|Title||William & Maria Richardson & Family|
|Comment||Read on ….|
I’d like to introduce you to my family! Maria Bateman was my great, great, grandma, she was born in 1830 and died in 1933, due to a fall at home. What a great lady she seems to have been! As you can see she was interviewed a couple of times for the Wharfedale.
She married William Richardson and went on to have 10 children. Eleanor died in infancy and Ernest went to Australia where he died at the age of 24.
Some reports say she was descended from the Yorkshire Witch – Mary Bateman (nee Harker) and indeed a look at a census shows her sisters staying with some Harker relatives in the area where Mary Bateman came from.
She lived in both Yeadon and Rawdon. I believe the photo was taken about 1910, but I cannot be sure. My grandma Eva Sutcliffe looks to be a teenager and she was born in 1897.
My Great Grandma Sarah Elizabeth married 3 times – first to Sam Smith in 1880 with whom she had 3 children – Agnes, Jane and Sam. Her husband died young and she later remarried to James Sutcliffe and had Annie in 1895 and my grandma Eva in 1897.
When he died she married John Lee.
Donated by Maureen Naylor.
William & Maria Richardson & Family – c1910
Extract from Wharfedale 1925 – Maria Richardson –
YEADON AND HORSFORTH NONEGENARIANS
By a coincidence the eldest residents of Yeadon and Horsforth respectively celebrate their birthdays on the same day -next Monday. They are Mrs. William Richardson, 5 Grange Terrace, Yeadon, who will attain her 94th year; and Mr. Seth Whitham, The Poplars, Bachelor Lane, Horsforth, who will enter on his 93rd year.
Mrs. Richardson is a remarkable old lady. She is happy and vivacious, and can read and write without spectacles and nimbly follows her household duties. She has no cast iron rule for conduct to ensure longevity.
“If there is a secret about how to live a long life, “she said on one occasion, “I do not know it. Work does not kill people. If it did, I should have been dead and buried many long years ago. I’ll give you that tip – I’m a worker and am still working! I don’t grumble – unless there’s something to grumble out, I’ve no fads. I’m plain and like plain things. I’ve always had a good appetite and my digestion is good. I live plain. When I was young there were no “fine” cakes on the table except at Christmas time – and then it was made out of yeast dough.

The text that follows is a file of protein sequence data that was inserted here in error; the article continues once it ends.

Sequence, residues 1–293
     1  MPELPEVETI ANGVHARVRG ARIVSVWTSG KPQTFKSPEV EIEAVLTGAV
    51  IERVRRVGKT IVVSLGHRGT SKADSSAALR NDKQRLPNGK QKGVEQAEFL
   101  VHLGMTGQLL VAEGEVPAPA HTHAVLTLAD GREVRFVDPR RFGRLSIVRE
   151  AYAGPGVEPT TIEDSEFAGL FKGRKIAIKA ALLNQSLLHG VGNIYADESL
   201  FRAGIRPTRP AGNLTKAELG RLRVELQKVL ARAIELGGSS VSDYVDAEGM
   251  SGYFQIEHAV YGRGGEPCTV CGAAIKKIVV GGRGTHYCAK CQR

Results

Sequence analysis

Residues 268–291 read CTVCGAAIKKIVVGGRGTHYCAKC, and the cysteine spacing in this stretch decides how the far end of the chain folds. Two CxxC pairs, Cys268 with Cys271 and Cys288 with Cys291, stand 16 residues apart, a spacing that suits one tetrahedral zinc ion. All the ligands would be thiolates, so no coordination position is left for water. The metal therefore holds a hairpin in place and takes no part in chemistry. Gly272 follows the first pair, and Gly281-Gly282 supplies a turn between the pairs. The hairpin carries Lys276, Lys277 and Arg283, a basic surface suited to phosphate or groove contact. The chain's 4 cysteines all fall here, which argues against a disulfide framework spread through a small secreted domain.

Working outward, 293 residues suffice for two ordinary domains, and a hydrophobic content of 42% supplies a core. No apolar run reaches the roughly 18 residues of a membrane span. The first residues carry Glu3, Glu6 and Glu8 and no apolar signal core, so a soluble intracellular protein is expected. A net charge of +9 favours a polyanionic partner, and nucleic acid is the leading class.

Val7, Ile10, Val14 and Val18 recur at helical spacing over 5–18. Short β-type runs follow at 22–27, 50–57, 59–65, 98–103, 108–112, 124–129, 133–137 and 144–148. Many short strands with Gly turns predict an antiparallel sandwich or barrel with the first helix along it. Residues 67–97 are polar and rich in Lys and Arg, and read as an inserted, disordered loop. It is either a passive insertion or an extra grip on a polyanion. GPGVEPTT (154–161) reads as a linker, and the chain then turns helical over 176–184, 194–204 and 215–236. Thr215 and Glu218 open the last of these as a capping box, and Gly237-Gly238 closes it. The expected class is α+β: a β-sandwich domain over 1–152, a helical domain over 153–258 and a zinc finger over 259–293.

In my younger days I was taught to believe in the motto, “Early to bed” There was cinema to keep me out of bed. I’ve taken my meals punctually and I’ve had no lack of fresh air. As I’ve got older people have told me to have a glass of beer to help me sleep. I can sleep well enough as it is! I’m not teetotal.
Mrs. Richardson was born at Seacroft, Leeds, and was one of 10 children. Her father was Postmaster at Seacroft for many years. At the age of 18 she was apprenticed to bonnet-making, and later went into service at Rawdon Vicarage. It was here where she became acquainted with Mr. William Richardson, whom she married when 23 years of age. The Richardson family were well-known in Rawdon and were the mainstay of the choir at the Parish church. Five brothers – Willian, George, James, David and Arthur – were for a long time regularly in attendance. William was the eldest and was a chorister for 32 years. He also acted as choirmaster and was clerk under the old two-decker pulpit before the church was extended.
Mrs. Richardson reared a family of 10 children and for many years lived in North Street and later at Littlemoor, Rawdon. She is still able to recall the Crimean War and the peace rejoicings that followed. She has 18 grandchildren and 17 great grandchildren.
Donated by Maureen Naylor.
V511 – Maria Richardson, 1926.
Extract from the Wharfedale 1926 – Maria Richardson
A Treasured Donation
One of the most treasured contributions to the new vicarage fund, at St. Andrew’s, Yeadon, received during the course of the “Spring Fair”, was a guinea from Mrs. William Richardson, the oldest parishioner, who on Tuesday next will be will be celebrating her 95th birthday.
In spite of her age Mrs. Richardson enjoys excellent health and takes a keen interest in the work of the Church. She earmarked her donation for inclusion in the receipts on the Children’s Day.
Mrs. Richardson still follows her household duties. Asked for her recipe for long life, on one occasion, she remarked: “If there is a secret about long life, I do not know it. Work does not kill people. If it did, I should have been dead and buried long ago. I’m a worker and am still working. I don’t grumble – unless there’s something to grumble out! I’ve no fads. I’m plain and like plain things. I’ve always had a good appetite and my digestion is good. I live plain, and like plain bread and milk. I was taught to believe in the motto, “Early to bed” and I have practiced it. I’m not teetotal – but nearly”
Mrs. Richardson was born in Seacroft, Near Leeds, and was one of ten children. In early life she was in service at Rawdon vicarage, at the time when the late Mr. Ibbotson was vicar. It was here that she met the late Mr. William Richardson, whom she married at 23 years of age. Mr. Richardson was in the choir and was a member of a well-known local family church-goers. Indeed, there were five brothers who were the mainstay of the choir. William was the eldest and was chorister for 32 years. He also acted as choirmaster and clerk. Mrs. Richardson has reared a family of 10 children. She has 18 grandchildren and 17 great grandchildren.
Donated by Maureen Naylor.
V513 – Maria Richardson, Undated.
Maria Richardson – Undated
Newspaper article as stated.